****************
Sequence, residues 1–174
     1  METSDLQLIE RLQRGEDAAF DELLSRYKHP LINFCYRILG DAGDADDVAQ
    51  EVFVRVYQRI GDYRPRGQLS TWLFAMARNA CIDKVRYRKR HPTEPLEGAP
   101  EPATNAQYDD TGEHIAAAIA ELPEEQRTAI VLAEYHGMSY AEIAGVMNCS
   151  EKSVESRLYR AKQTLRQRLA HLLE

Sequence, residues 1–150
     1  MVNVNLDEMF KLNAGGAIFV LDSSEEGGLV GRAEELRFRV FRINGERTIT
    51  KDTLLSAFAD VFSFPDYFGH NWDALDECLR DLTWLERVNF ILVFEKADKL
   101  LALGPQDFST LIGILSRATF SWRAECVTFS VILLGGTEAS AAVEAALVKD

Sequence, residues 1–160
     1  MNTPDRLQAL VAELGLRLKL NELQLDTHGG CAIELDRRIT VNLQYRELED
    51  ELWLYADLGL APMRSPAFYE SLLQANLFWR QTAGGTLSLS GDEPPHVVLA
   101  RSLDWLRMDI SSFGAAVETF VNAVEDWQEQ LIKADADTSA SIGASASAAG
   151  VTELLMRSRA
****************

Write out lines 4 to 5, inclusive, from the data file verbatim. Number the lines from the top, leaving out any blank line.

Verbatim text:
   101  EPATNAQYDD TGEHIAAAIA ELPEEQRTAI VLAEYHGMSY AEIAGVMNCS
   151  EKSVESRLYR AKQTLRQRLA HLLE